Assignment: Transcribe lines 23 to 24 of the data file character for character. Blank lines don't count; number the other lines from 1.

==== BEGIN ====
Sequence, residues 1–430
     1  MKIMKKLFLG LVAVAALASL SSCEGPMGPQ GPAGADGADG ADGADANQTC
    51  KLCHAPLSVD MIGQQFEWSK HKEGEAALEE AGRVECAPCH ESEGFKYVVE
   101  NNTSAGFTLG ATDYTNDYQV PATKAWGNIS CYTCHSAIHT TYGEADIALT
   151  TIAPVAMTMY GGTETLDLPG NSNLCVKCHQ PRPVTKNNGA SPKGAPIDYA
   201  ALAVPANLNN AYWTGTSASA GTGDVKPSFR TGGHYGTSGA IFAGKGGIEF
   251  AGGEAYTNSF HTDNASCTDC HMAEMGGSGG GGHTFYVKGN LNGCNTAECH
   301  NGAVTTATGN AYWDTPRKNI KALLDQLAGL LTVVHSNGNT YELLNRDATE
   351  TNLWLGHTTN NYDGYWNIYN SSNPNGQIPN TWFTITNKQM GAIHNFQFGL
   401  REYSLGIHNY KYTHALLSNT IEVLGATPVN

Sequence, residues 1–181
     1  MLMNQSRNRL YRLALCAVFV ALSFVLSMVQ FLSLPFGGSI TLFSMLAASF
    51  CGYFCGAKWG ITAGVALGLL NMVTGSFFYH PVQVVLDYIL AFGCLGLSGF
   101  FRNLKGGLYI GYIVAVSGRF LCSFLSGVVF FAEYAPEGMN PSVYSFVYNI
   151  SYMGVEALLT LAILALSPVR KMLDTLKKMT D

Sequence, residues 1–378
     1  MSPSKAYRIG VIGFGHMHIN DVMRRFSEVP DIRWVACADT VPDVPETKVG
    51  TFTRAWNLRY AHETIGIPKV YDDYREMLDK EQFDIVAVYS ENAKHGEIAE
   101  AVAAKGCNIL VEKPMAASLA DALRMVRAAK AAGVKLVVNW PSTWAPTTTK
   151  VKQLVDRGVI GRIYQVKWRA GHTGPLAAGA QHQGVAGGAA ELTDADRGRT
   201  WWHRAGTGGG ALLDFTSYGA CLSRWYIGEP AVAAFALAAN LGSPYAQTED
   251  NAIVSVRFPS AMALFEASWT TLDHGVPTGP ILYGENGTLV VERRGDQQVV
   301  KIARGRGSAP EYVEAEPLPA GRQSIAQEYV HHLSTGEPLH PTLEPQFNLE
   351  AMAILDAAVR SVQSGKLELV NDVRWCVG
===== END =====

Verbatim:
   301  KIARGRGSAP EYVEAEPLPA GRQSIAQEYV HHLSTGEPLH PTLEPQFNLE
   351  AMAILDAAVR SVQSGKLELV NDVRWCVG